Stack Overflow is a community of 4.7 million programmers, just like you, helping each other.

Join them; it only takes a minute:

Sign up
Join the Stack Overflow community to:
  1. Ask programming questions
  2. Answer and help your peers
  3. Get recognized for your expertise

I've got a node struct

struct Node{CString text, int id;};

in a sorted vector.

I'm wondering if there's a function in algorithm that will do a binary search of the vector and find an element.

share|improve this question
Are you sure about the comma between CString? Shouldn't that be a semicolon? – razeh Dec 5 '13 at 2:25
up vote 19 down vote accepted

std::binary_search() will tell you if a value exists in the container.

std::lower_bound()/std::upper_bound() will return an iterator to the first/last occurrence of a value.

Your objects need to implement operator< for these algorithms to work.

share|improve this answer
or you need to use the other overload for binary_search and provide a comparator at the 4th parameter. This needs to be the same comparator you used to sort with. – KitsuneYMG Mar 4 '10 at 13:07
"Unlike lower_bound, for upper_bound the value pointed by the iterator returned by this function cannot be equivalent to val, only greater." How can upper_bound return the last occurence of val?? – FReeze FRancis Jun 7 at 5:54

Yes, there's a function called "binary_search" std::binary_search

You give it first, last and a value or a predicate.

See here for a sample

Combine that with Martin York's operator== and you should be OK (alternatively you can write a predicate functor

share|improve this answer
Actually for binary search, you need an operator<, not operator== – David Norman Dec 15 '08 at 18:21
boost::bind(&Node::text, _1) < key :) – Johannes Schaub - litb Dec 15 '08 at 18:26
Also note it does not find the element. It just test for existance. – Loki Astari Dec 15 '08 at 18:28
huh that's weird. why does it do that? – Johannes Schaub - litb Dec 15 '08 at 18:29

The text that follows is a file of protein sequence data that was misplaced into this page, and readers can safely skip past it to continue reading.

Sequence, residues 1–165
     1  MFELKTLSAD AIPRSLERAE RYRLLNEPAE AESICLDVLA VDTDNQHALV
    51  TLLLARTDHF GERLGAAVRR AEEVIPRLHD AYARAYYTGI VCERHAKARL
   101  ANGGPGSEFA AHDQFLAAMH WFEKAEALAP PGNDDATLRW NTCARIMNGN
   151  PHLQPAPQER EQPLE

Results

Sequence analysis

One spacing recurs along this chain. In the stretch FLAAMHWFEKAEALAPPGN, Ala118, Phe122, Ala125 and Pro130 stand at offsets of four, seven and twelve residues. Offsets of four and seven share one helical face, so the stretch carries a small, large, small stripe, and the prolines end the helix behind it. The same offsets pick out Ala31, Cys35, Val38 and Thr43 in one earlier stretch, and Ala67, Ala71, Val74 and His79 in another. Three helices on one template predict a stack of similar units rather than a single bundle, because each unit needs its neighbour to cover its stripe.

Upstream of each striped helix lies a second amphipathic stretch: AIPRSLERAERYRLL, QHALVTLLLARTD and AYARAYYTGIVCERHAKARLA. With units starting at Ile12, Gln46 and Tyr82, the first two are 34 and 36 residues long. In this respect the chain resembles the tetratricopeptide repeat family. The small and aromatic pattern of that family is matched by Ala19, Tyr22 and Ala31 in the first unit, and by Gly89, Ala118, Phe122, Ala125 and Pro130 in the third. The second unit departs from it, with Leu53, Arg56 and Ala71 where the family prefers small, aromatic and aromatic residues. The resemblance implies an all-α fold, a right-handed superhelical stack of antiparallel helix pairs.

might be there multiple times. You can use lower_bound and upper_bound to find where. – tgamblin Dec 15 '08 at 18:34

Rather than a sorted vector<Node>
Why not use a map. This is a sorted container. So any search done on this via std::find() automatically has the same properties as a binary search.

share|improve this answer
If your data is stable (no ongoing additions/deletions), it is more memory efficient to use the vector. If you need to interact with other parts of the system that expect a vector. Or you need to access the data by index. Or the data is accessed in a tight loop, where memory locality is important. – KeithB Dec 15 '08 at 18:58
"A sorted vector lets you iterate through the contents in order.": So does a map. (for (std::map<int>::iterator i = map.begin(); i != map.end(); ++i) ...) – Max Lybbert Dec 15 '08 at 19:54
a map also does't deal as smoothly with multiple instances of the key. – baash05 Dec 15 '08 at 22:11
It lets you iterate in order of key. A closer analogy to a sorted vector is std::multiset. – Steve Jessop Dec 16 '08 at 19:53

Use std::equal_range to find a range of elements in a sorted vector. std::equal_range returns a std::pair of iterators, giving you a range in the vector of elements equal to the argument you provide. If the range is empty, then your item isn't in the vector, and the length of the range tells you how many times your item appears in the vector.

Here is an example using ints instead of struct Node:

#include <iostream>
#include <algorithm>
#include <vector>
#include <string>

int main(int argc, const char * argv[])
    std::vector<int> sorted = { 1, 2, 2, 5, 10 };

    auto range = std::equal_range(sorted.begin(), sorted.end(), 20);
    // Outputs "5 5"
    std::cout << std::distance(sorted.begin(), range.first) << ' '
              << std::distance(sorted.begin(), range.second) << '\n';

    range = std::equal_range(sorted.begin(), sorted.end(), 5);
    // Outputs "3 4"
    std::cout << std::distance(sorted.begin(), range.first) << ' '
              << std::distance(sorted.begin(), range.second) << '\n';

    range = std::equal_range(sorted.begin(), sorted.end(), -1);
    // Outputs "0 0"
    std::cout << std::distance(sorted.begin(), range.first) << ' '
              << std::distance(sorted.begin(), range.second) << '\n';

    return 0;

To make this work with struct Node you'll either have to provide an operator < for struct Node or pass in a comparator to std::equal_range. You can do that by providing a lambda as an argument to std::equal_range to compare your structs.

std::vector<Node> nodes = { Node{"hello", 5}, Node{"goodbye", 6} };
Node searchForMe { "goodbye", 6 };
auto range = std::equal_range(nodes.begin(), nodes.end(), searchForMe,
                               [](Node lhs, Node rhs) { return <; });
share|improve this answer

Your Answer


By posting your answer, you agree to the privacy policy and terms of service.

Not the answer you're looking for? Browse other questions tagged or ask your own question.